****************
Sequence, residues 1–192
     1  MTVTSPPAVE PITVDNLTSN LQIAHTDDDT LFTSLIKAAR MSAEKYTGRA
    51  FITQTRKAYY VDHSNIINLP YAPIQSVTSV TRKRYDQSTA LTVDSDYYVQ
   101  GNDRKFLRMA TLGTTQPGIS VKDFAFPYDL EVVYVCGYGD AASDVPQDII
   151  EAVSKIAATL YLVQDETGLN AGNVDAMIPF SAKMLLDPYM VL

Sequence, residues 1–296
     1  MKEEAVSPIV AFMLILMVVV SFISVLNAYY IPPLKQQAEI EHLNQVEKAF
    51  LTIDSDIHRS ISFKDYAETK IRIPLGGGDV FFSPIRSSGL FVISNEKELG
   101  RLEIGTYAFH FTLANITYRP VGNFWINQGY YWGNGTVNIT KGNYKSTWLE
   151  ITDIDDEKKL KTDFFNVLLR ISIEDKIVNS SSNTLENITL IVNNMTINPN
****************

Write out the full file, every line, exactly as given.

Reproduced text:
Sequence, residues 1–192
     1  MTVTSPPAVE PITVDNLTSN LQIAHTDDDT LFTSLIKAAR MSAEKYTGRA
    51  FITQTRKAYY VDHSNIINLP YAPIQSVTSV TRKRYDQSTA LTVDSDYYVQ
   101  GNDRKFLRMA TLGTTQPGIS VKDFAFPYDL EVVYVCGYGD AASDVPQDII
   151  EAVSKIAATL YLVQDETGLN AGNVDAMIPF SAKMLLDPYM VL

Sequence, residues 1–296
     1  MKEEAVSPIV AFMLILMVVV SFISVLNAYY IPPLKQQAEI EHLNQVEKAF
    51  LTIDSDIHRS ISFKDYAETK IRIPLGGGDV FFSPIRSSGL FVISNEKELG
   101  RLEIGTYAFH FTLANITYRP VGNFWINQGY YWGNGTVNIT KGNYKSTWLE
   151  ITDIDDEKKL KTDFFNVLLR ISIEDKIVNS SSNTLENITL IVNNMTINPN